It’s a car thing. I love them, I love talking about them, I love driving them; I’m just a car guy.
On November 9, 1960, Robert McNamara became the first non-Ford family member to become the head of Ford Motor Company.
That’s a pretty big deal, the Fords were a tight outfit!
Prior to that, he served the country during World War II as Lt. Col in the US Army Air Force. After the war, in 1946, Tex Thornton, his colonel, culled the best officers from his AAF Control operation to start a business. McNamara was in that group.
Thornton read an article in Life Magazine that claimed Ford Motor Company was in “dire need” of help, and Henry Ford II, also a vet from WW II hired Thornton’s group to restructure the company.
They shook things UP, changed policy and procedure, and asked so many questions, they earned the nickname of “The Quiz Kids”.
I’m sure there were others; but no one’s talkin’.
Ford was bleeding cash at that time, and the Whiz Kids worked on the outfit’s less than modern system of organization, management, control systems, and planning.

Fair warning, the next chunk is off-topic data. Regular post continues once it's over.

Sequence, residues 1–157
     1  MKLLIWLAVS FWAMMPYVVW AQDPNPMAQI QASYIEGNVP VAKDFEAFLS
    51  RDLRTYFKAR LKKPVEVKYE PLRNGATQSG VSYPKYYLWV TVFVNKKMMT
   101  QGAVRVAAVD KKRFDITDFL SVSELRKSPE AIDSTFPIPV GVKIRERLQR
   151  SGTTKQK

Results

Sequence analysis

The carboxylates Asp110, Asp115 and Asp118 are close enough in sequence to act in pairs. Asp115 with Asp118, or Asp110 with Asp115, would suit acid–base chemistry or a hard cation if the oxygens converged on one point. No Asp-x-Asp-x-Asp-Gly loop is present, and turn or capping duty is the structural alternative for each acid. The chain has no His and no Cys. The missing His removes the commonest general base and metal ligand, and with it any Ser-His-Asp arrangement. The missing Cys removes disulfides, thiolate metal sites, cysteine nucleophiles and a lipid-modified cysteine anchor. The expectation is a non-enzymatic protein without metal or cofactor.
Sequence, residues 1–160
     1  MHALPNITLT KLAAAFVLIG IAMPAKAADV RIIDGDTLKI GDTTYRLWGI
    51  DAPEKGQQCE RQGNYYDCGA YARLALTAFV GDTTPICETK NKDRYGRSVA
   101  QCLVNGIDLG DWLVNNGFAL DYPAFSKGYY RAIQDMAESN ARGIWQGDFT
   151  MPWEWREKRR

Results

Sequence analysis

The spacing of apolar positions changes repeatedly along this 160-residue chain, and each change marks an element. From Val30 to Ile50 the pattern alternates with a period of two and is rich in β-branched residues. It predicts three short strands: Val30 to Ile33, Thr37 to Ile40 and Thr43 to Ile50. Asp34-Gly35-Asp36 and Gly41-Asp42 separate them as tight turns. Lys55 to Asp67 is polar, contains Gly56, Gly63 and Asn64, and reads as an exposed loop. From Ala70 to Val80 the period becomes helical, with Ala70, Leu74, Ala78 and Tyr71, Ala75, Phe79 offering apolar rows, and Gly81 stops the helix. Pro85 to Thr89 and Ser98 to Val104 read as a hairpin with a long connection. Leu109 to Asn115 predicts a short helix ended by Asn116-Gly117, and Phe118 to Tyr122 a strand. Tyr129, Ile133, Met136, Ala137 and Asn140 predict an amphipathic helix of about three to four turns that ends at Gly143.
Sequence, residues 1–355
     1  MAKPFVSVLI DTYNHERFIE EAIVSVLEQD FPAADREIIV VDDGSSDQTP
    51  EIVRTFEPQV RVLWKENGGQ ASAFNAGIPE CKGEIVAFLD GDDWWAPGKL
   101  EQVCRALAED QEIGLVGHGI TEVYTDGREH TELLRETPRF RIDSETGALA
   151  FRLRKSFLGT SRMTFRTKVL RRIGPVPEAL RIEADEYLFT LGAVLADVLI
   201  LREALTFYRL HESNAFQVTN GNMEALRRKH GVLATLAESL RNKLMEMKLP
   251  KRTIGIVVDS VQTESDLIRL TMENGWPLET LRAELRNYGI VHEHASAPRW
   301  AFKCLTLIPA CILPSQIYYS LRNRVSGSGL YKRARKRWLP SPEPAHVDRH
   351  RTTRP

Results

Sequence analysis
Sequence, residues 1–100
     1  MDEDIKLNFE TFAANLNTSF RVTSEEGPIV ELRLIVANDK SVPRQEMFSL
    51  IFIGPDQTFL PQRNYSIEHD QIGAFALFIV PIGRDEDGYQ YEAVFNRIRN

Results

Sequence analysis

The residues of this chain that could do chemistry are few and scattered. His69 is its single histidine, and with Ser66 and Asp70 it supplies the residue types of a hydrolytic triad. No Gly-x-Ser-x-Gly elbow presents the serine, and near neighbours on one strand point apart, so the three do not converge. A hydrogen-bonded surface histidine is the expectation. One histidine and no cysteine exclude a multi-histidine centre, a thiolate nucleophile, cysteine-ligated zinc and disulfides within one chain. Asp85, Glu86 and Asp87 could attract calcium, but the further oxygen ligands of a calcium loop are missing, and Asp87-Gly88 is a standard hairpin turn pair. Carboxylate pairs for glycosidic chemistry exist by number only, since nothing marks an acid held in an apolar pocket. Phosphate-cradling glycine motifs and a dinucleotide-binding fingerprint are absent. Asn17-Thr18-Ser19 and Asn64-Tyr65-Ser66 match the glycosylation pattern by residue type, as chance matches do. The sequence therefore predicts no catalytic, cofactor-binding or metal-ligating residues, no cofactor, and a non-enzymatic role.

Rebranding themselves as “The Whiz Kids”, they backed UP their new name with results.
McNamara moved UP quickly from manager of planning and financial analysis to several top-drawer assignments.
His innovative thinking helped Ford enter the compact race with the Ford Falcon, which became a hit.
He also pushed safety as a car concept.
He created the “Lifeguard” package of options which introduced the seat-belt (my sister just quit reading now, and has a new villain) which was a “novelty” at the time. It also included a steering wheel design that prevented the driver from being impaled in an accident.
But, a month after his appointment to the top job at Ford, newly elected JFK came calling, and McNamara was tapped to be the eighth secretary of defense.
McNamara remains the longest serving Secretary of Defense. He stayed in the job for seven years, working for both JFK and LBJ.
He became more and more controversial in the mid 60s, and his clashes with LBJ and most notably, the Joint Chiefs of Staff over Viet Nam became headlines.
His suggestions that the US freeze troop size, stop bombing North Viet Nam, and relinquish the fighting on the ground to the South Vietnamese nationals were “rejected outright” by LBJ.
A few days later, November 29, he announced his resignation stating he’d accepted the Presidency of the World Bank.
McNamara went on to accomplish much more at the bank and in his retirement, but will forever be associated with the escalation and de-escalation of the Southeast Asian Conflict.
But, in reality, he was a car guy.